An historic downtown Belleville building is up for sale and the future of one the city’s oldest Main Street businesses remains in doubt.
The three-story, brick building that houses Keil’s Antiques and Gifts at 26 E. Main St. is on the market for $215,000. It’s just off the Public Square and previously was called Keil’s Hardware.
“You can’t get a better location, that’s for sure,” said Jason Buss, who owns the building.
Fifteen years ago, Buss paid $120,000 for the rights to use the Keil business name, the building and the merchandise in the store.
“We’ve done a lot, a lot of work to the building since we bought it,” Buss said.
This work includes renovations throughout the building, new duct work and a furnace, new lighting and tuckpointing on the east side of the exterior wall.
Keil building history
Adam Keil was a stove dealer and tinner who established his business at 26 E. Main St. in 1858 and then built the current building in 1867, according to research by Bob Brunkow, historian of the Belleville Historical Society.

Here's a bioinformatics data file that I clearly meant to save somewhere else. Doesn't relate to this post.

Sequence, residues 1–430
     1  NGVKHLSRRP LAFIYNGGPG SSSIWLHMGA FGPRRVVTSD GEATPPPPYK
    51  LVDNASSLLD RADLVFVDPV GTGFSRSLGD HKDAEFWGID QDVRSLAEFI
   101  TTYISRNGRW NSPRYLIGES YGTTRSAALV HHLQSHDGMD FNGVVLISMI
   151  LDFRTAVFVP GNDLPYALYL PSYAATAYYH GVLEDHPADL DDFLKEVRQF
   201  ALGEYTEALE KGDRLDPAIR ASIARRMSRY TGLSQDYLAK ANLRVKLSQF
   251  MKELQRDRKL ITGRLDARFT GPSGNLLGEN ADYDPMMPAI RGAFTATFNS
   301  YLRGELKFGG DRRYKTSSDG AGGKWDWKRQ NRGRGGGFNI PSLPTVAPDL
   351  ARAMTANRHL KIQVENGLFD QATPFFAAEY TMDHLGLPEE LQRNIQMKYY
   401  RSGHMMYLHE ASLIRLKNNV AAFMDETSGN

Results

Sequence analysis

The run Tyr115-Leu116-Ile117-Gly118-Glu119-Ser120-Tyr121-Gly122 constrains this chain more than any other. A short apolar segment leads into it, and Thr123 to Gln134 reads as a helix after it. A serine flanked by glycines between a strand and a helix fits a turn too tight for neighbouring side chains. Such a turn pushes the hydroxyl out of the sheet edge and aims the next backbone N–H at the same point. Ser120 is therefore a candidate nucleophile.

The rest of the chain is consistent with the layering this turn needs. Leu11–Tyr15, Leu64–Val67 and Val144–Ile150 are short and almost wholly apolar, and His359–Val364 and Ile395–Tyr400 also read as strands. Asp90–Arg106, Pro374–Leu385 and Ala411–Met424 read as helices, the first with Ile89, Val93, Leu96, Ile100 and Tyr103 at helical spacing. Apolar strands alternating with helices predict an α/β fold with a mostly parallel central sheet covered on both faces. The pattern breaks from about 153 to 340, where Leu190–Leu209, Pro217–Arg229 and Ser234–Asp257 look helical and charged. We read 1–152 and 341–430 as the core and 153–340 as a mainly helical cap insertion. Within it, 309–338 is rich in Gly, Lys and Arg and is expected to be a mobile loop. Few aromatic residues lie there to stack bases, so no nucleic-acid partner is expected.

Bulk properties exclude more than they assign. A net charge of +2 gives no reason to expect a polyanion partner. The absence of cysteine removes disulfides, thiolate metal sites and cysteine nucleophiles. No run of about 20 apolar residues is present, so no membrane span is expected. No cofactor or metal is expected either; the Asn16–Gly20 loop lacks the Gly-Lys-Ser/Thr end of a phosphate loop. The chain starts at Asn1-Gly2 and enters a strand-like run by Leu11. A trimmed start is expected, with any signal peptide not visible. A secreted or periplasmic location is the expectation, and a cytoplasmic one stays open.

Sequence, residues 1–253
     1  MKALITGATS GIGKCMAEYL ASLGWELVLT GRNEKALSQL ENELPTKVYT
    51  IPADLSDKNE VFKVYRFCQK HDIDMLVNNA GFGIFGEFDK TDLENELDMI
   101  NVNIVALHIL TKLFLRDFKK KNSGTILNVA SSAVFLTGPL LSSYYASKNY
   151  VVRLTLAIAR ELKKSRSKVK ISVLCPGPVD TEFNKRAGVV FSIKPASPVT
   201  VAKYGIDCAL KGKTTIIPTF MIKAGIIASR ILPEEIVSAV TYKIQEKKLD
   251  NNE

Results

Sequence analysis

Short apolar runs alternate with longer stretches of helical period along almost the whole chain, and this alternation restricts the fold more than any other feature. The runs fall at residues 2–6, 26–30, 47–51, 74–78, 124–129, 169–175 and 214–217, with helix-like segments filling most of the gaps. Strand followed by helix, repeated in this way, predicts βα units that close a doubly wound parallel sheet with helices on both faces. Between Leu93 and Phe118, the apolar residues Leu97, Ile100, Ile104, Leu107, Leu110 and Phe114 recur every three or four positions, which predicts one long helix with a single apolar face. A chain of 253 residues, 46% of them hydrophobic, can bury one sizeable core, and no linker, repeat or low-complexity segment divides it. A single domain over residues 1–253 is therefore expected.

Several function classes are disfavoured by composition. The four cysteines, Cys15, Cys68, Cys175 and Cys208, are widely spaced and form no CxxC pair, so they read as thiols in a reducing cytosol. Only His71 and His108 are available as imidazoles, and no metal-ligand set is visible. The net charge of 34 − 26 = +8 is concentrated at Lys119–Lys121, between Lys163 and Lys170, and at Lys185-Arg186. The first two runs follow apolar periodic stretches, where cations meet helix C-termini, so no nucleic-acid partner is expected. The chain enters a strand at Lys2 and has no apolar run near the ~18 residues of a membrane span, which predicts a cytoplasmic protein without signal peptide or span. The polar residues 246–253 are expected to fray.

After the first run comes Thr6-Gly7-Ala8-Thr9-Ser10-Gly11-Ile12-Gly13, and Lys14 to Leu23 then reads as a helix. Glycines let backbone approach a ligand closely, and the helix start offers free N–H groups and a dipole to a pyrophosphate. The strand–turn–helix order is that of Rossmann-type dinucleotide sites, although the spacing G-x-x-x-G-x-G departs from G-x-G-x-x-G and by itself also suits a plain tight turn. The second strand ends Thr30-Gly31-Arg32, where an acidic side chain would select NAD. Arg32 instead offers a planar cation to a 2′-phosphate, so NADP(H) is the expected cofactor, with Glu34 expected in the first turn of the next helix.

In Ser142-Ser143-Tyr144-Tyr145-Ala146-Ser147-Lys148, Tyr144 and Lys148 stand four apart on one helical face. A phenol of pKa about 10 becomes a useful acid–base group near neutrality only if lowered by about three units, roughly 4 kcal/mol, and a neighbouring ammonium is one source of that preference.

Keil’s son, Charles, took over in 1873 and in 1903 he added hardware to the business and added tall oak shelves, Brunkow said.
The shop remained in the Keil family until 2003.
The Keil building was one of three identical triplet buildings constructed at the same time.
In 1976, an arson fire required removal of the third stories of the buildings at 28 E. Main and 30 E. Main, leaving the Keil building alone to represent the Italianate architectural style and cast iron front of a Civil War-era building, Brunkow said.
BEHIND OUR REPORTING
Why did we report this story?
As part of our ongoing coverage of what’s happening in downtown Belleville, we wanted to give BND readers a glimpse into the latest chapter of an East Main Street building that was built in 1867.
Buss said the antique and gift business will close on Dec. 24 if a buyer isn’t found.
“We’re hoping that we sell before then,” Buss said.
Buss said he doesn’t have time for the antique business because of his commitments with his real estate business and rental properties.
“I can’t do it anymore because I’m too busy with real estate,” Buss said.
Also, Buss said the store’s general manager, Dan Hamilton, has a master’s degree in counseling and is ready for a career change after running the store for the past five years.
One of Buss and Hamilton’s recent projects included the renovation of the apartments in the former Otto Rubach home at 411 E. Washington St.
Rubach grew up in the home and was an acclaimed architect who designed the downtown Belleville Public Library at 121 E. Washington St.
A price for the antique business has not been established.
Buss said the inventory changes daily and the price depends upon what the new owner would want.
“We’re very negotiable on the business part,” he said.